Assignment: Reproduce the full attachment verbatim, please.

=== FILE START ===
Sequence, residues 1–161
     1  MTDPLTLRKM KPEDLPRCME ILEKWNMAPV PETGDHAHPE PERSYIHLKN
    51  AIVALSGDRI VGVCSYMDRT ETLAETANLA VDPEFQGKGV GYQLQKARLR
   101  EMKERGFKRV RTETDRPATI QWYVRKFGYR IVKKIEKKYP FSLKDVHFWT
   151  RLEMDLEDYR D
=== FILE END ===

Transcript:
Sequence, residues 1–161
     1  MTDPLTLRKM KPEDLPRCME ILEKWNMAPV PETGDHAHPE PERSYIHLKN
    51  AIVALSGDRI VGVCSYMDRT ETLAETANLA VDPEFQGKGV GYQLQKARLR
   101  EMKERGFKRV RTETDRPATI QWYVRKFGYR IVKKIEKKYP FSLKDVHFWT
   151  RLEMDLEDYR D